• In accordance with the present invention, the solvent that diffuses out of the forming fiber can be removed so that it is not reabsorbed, affecting the fiber strength. As seen in detail in FIG. 7, optional fluidic outlets 8 may be formed through which the excess solvent can leave system 2, with a channel 13 that acts as a spigot for fiber F.
  • Alternatively, methods such as evaporation through the device substrate or the integration of a semipermeable membrane to filter out solvent can be used as a means of removing the excess solvent.
  • The present invention also provides a novel method for producing fibers, by: forming protein droplets in reservoir 4; forming a coating on a stream of the protein droplets by introducing a coating as a laminar sheath flow (with coating injector 20); passing the coated protein droplets through tapered flow path 6 while varying the chemical gradient (with gradient generator 30) along tapered flow path 6 so as to initiate polymerization and cause shear-induced polymerization and outward diffusion of solvent, thereby forming a fiber. Finally, fluid is removed at a distal end 10 of tapering flow channel 6; thereby producing fiber out of the distal end 10 of tapering flow channel 6.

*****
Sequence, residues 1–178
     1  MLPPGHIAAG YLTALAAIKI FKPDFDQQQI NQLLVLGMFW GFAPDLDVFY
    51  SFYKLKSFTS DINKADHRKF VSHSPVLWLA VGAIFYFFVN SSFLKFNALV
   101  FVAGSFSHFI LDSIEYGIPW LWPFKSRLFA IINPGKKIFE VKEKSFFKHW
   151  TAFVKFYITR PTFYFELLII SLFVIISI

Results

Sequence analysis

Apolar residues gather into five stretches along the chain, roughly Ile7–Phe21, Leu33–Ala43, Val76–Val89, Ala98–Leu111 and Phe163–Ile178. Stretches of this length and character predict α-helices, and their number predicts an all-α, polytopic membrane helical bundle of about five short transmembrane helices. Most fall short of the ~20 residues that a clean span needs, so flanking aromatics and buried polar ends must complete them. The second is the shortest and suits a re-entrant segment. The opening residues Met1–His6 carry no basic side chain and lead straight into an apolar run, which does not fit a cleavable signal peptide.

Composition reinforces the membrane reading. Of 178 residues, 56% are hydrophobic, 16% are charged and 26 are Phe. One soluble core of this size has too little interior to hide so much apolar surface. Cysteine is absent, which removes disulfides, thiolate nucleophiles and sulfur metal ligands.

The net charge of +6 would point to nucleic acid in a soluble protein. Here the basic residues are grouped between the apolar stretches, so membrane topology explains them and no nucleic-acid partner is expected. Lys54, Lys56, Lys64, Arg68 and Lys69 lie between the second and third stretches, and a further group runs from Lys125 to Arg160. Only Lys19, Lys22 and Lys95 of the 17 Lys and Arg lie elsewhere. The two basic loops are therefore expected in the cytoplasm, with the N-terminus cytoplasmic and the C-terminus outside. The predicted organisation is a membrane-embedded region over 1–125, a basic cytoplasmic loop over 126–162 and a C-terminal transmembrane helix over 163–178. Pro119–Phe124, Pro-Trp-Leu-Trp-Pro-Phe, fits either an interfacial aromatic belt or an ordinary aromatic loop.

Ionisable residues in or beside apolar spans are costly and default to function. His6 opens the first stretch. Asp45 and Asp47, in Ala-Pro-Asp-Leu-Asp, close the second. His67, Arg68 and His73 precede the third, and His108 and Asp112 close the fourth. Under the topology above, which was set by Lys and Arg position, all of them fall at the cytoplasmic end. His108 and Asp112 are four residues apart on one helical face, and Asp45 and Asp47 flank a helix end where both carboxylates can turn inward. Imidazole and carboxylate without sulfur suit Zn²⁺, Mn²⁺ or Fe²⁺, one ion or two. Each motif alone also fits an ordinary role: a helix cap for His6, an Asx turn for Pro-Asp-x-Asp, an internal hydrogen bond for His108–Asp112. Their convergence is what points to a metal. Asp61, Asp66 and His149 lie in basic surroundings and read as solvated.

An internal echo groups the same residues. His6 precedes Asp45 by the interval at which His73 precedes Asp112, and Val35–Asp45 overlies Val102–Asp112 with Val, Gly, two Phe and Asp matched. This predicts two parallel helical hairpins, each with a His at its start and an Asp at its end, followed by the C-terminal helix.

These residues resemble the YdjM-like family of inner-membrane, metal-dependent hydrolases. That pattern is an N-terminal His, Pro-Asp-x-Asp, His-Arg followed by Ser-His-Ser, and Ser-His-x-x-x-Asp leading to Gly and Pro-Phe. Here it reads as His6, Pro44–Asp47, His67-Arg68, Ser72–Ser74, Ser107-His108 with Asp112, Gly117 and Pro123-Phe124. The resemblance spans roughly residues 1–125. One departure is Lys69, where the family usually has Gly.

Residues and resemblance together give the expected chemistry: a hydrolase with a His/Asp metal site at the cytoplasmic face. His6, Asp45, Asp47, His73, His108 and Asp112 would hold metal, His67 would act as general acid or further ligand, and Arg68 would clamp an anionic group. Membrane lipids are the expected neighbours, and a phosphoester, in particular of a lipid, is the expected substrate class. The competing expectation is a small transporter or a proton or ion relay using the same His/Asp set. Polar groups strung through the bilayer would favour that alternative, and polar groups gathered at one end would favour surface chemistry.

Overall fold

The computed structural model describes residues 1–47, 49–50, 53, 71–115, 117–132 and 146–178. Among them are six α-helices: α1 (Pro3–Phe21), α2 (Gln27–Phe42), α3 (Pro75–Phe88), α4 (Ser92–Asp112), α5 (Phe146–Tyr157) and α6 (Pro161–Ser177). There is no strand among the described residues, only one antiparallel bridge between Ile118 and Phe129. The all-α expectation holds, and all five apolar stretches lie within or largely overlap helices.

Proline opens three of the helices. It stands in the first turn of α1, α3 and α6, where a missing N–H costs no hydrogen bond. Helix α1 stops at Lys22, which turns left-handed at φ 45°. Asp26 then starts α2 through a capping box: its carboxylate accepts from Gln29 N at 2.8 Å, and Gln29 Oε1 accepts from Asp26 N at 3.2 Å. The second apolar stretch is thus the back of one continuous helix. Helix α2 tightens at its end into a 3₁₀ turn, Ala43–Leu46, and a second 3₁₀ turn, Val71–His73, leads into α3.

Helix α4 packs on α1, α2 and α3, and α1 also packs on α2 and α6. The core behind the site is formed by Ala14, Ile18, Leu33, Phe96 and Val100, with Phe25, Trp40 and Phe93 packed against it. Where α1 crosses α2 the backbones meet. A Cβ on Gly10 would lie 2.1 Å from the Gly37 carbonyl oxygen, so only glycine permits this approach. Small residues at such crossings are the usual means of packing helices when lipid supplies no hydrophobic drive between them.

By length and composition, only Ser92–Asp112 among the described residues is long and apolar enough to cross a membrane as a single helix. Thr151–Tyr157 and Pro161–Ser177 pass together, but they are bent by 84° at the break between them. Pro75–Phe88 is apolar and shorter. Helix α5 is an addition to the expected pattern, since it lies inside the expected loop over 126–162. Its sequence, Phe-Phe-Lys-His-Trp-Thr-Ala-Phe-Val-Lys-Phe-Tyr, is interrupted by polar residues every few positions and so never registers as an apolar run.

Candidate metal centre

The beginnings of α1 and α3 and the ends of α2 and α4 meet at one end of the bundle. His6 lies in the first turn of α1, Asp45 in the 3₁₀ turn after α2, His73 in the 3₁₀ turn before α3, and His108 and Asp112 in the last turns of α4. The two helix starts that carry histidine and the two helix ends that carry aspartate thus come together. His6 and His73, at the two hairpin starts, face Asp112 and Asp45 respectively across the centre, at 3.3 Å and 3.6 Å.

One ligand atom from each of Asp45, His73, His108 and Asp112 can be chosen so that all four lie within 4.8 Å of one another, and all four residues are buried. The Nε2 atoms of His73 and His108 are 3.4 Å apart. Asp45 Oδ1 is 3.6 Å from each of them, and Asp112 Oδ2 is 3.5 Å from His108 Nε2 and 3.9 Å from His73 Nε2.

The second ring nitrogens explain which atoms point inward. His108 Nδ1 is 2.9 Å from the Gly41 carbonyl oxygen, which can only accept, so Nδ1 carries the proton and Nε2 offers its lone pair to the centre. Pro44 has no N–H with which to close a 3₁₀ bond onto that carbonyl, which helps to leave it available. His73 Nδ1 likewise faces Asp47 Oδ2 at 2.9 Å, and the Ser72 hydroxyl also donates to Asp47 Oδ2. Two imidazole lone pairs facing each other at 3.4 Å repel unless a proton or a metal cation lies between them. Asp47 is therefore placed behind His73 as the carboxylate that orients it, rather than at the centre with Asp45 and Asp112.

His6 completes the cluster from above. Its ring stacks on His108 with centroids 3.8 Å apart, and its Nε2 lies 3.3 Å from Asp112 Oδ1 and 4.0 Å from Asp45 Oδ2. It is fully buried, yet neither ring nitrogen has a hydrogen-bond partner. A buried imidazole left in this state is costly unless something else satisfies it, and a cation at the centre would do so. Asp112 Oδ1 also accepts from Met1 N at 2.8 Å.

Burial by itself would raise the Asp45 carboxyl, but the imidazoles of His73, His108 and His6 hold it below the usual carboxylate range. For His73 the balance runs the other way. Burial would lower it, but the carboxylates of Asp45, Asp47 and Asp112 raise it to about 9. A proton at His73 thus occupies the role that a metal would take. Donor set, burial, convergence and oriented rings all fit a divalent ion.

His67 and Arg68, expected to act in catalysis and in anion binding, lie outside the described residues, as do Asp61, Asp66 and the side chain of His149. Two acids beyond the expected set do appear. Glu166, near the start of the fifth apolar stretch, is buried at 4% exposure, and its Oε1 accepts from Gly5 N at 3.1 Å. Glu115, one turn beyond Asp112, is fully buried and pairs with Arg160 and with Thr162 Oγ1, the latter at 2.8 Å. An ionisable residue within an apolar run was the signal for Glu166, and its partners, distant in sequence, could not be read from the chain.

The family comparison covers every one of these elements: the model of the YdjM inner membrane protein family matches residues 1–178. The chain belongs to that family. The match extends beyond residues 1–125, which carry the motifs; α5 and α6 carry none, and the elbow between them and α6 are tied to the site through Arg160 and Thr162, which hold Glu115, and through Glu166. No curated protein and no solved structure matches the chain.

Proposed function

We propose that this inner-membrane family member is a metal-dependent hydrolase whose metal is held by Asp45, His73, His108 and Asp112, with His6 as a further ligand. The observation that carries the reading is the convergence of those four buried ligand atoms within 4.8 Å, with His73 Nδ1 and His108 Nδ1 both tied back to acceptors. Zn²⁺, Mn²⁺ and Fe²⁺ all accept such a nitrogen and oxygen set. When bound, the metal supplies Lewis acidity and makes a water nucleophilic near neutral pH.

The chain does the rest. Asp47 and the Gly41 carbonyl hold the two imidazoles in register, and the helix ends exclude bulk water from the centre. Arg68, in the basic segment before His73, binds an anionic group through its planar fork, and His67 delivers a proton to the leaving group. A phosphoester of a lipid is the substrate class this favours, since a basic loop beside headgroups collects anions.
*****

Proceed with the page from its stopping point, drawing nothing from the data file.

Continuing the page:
• Preferably, reservoir 4 is a water bath, and the coating in coating injector 20 is a lipid coating. It is to be understood, however, that the present invention is not so limited, as other fluids and coatings may also be used.
  • The chemical gradient can be varied along the tapered flow path by one or more of: increasing the gradient of potassium ions along the flow path; decreasing the gradient of sodium ions along the flow path; or decreasing the pH gradient along the flow path.
  • Optionally, the diameter of the fiber can be adjusted by adjusting the diameter of the distal end 10 of tapering flow channel 6; for example by deforming an elastomeric section 11 of tapering flow channel 6. This may be done by varying the pressure in pressure channel 7, wherein the elastomeric section 11 of tapering flow channel 6 separates pressure channel 7 from tapering flow channel 6.
  • FIGS. 8 to 10 show a second embodiment of the present invention, as follows. System 100 comprises a reservoir 104; a tapering flow channel 106 extending away from reservoir 104; and a pair of supply channels 130. A series of feeder channels 132 connect supply channels 130 to tapering flow channel 106.
  • In this second embodiment of the invention, reservoir 104 operates similar to reservoir 4 in FIG. 1. Similarly, tapering flow channel 106 operates similar to tapering flow channel 6 in FIG. 1. In this second embodiment, the series of feeder channels 132 are dimensioned such that they operate similar to gradient generator 30 in FIG. 1, as follows.